Roman occupation of South-western Scotland
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Roman occupation of South-western Scotland being reports of excavations and surveys carried out under the auspices of the Society by Glasgow Archaeological Society.

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Published by Maclehose in Glasgow .
Written in English

Subjects:

  • Scotland -- Antiquities

Book details:

Edition Notes

Statementby John Clarke ... [et al.] ; edited with an historical survey by S.N. Miller.
SeriesGlasgow University publications -- no. 83
ContributionsMiller, Steuart Napier.
ID Numbers
Open LibraryOL18825648M

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Get this from a library! The Roman Occupation of South-Western Scotland. Being reports of excavations and surveys carried out under the auspices of the Glasgow Archæological Society. By John Clarke, J.M. Davidson [and others] Edited for the Society with an historical survey by S.N. Miller.. [John CLARKE, Archaeologist.; S N Miller; Glasgow Archaeological Society.].   Addeddate Identifier Identifier-ark ark://t0sr4b Ocr ABBYY FineReader Ppi Scanner Internet Archive Python library Auchendavy was a Roman fort on the Antonine Wall in Scotland. Much of the site archeology was destroyed by the builders of the Forth and Clyde Canal. Between Bar Hill and Balmuildy the wall roughly follows the southern bank of the River Kelvin. The site of the fort is north of Kirkintilloch's northern border. It can be seen as a mound mid-way between the Forth and Clyde Canal and the y: United Kingdom. Inveravon is sited on the east side of the River Avon in Scotland. It was long considered to be the likely site for a Roman Fort on the Antonine Wall in fort is one of the most dubious on the wall although some excavation and geophysics has been done. Near Inveravon Tower, the bare traces of a fort were found but there is nothing that an unskilled visitor could identify.

Get this from a library! The Roman occupation of south-western Scotland, being reports of excavations and surveys carried out under the auspices of the Glasgow Archaeological Society,. [Steuart Napier Miller; John Clarke; Glasgow Archaeological Society.]. Book reviews, a distinctive feature of the journal since its establishment (as the Glasgow Archaeological Journal) in , provide a critical perspective on Scottish archaeology and a well-established forum for scholarly debate. In addition to books, recent volumes of the journal have reviewed new museums, exhibitions and research on Scotland. The Roman occupation of South-Western Scotland. Being reports of excavations and surveys carried out under the auspices of the Glasgow Archaeological Society Glasgow: Robert Maclehose & Co, – Cleddans Roman fortlet was located by trial trenching in south of the main road between Duntocher and Bearsden. Hutcheson Hill being halfway between the known Roman forts of Duntocher to the west and Castlehill to the east and having a line of sight between them it was surmised that it may hold the site of an intermediate fort. This fortlet's discovery at Cleddans seemed to strengthen the.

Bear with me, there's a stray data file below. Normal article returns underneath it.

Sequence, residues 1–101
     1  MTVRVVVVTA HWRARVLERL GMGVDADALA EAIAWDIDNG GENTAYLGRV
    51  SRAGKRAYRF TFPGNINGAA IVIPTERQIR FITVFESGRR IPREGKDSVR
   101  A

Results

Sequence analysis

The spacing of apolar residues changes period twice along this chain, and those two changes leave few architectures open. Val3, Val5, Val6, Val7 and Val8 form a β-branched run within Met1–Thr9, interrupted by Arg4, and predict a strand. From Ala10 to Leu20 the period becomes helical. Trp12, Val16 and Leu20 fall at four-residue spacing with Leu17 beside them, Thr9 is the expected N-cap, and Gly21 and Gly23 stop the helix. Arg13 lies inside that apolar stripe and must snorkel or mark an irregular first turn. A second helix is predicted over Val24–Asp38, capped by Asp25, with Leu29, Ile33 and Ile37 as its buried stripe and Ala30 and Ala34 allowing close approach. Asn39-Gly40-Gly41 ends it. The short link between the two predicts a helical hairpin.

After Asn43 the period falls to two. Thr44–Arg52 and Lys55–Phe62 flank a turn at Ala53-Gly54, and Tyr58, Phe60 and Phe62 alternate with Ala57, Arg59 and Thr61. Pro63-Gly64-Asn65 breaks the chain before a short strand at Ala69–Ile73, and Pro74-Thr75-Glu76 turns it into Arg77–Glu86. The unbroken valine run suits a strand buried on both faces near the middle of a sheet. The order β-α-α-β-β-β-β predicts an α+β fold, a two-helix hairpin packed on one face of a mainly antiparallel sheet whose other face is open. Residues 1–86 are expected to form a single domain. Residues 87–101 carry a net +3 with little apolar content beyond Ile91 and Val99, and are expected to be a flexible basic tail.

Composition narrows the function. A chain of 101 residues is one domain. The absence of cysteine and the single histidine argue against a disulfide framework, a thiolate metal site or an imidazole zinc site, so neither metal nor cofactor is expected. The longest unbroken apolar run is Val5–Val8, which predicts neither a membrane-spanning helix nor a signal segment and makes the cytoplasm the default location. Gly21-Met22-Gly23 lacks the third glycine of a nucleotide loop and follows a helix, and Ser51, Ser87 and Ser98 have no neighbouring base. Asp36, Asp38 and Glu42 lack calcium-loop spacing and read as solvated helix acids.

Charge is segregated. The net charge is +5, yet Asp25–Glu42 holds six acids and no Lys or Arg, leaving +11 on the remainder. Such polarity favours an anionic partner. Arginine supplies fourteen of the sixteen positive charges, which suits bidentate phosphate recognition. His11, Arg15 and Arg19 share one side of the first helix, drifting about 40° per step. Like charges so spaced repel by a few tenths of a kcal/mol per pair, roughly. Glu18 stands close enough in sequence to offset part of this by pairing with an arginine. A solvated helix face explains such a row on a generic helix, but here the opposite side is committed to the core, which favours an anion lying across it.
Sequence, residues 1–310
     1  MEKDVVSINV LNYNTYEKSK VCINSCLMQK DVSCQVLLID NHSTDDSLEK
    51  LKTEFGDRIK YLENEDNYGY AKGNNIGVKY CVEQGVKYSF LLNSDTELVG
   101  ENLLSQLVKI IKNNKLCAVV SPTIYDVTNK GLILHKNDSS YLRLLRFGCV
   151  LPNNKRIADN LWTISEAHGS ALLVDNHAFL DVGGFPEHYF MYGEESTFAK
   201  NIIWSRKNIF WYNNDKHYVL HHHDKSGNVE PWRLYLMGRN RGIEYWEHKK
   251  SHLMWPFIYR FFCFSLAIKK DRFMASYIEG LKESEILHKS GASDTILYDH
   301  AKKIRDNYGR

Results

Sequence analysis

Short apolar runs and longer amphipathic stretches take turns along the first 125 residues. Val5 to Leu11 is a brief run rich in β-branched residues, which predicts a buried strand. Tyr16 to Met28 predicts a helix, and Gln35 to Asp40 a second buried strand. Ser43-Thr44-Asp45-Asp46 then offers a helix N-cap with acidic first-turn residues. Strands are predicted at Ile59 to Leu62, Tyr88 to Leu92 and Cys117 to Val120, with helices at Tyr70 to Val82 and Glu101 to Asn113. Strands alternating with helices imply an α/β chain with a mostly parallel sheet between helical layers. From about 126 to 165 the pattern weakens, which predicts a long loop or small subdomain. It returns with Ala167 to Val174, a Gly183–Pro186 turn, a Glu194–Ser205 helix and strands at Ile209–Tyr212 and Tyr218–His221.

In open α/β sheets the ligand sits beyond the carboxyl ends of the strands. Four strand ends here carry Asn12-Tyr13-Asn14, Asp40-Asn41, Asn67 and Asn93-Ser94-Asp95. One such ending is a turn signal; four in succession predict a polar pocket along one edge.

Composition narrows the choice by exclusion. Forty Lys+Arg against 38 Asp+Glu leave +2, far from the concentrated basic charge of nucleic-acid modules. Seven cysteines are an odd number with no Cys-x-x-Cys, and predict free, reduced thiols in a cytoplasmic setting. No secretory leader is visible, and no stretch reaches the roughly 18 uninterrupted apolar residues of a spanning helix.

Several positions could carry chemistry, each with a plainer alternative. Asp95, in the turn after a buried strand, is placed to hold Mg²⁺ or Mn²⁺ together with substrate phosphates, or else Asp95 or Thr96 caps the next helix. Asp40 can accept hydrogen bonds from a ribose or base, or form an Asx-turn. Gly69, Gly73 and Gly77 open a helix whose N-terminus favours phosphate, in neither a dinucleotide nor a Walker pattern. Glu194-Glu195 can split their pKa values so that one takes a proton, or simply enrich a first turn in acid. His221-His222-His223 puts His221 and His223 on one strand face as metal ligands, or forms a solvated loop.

The Roman occupation of South-western Scotland: being reports of excavations and surveys carried out under the auspices of the Glasgow Archaeological Society. Maclehose. Maclehose. [62]. Croy Hill was a Roman fort, fortlet, and probable temporary camp on the Antonine Wall, near Croy, to the north east of the village in Scotland. Two communication platforms known as ‘expansions’ can be seen to the west of the fortlet. Alexander Park excavated the site in Sir George Macdonald wrote about his excavation of the site which occurred in , , and J G Scott, The Roman Occupation of South West Scotland from the Recall of Agricola to the Withdrawal under Trajan, GAJ, Vol.4, 2. Allan Wilson, Roman Penetration in Strathclyde South of the Antonine Wall -Part 1 - The Topographical Evidence, GAJ, Vol, , pps   Bibliographical Links See: The Geography of Claudius Ptolemaeus, trans. by E.L. Stevenson (Dover, New York, ); Principal sites in Roman occupation of Britain, with indication of the local Celtic tribes. Tribes of Wales at the time of the Roman invasion. Exact boundaries are : 41K.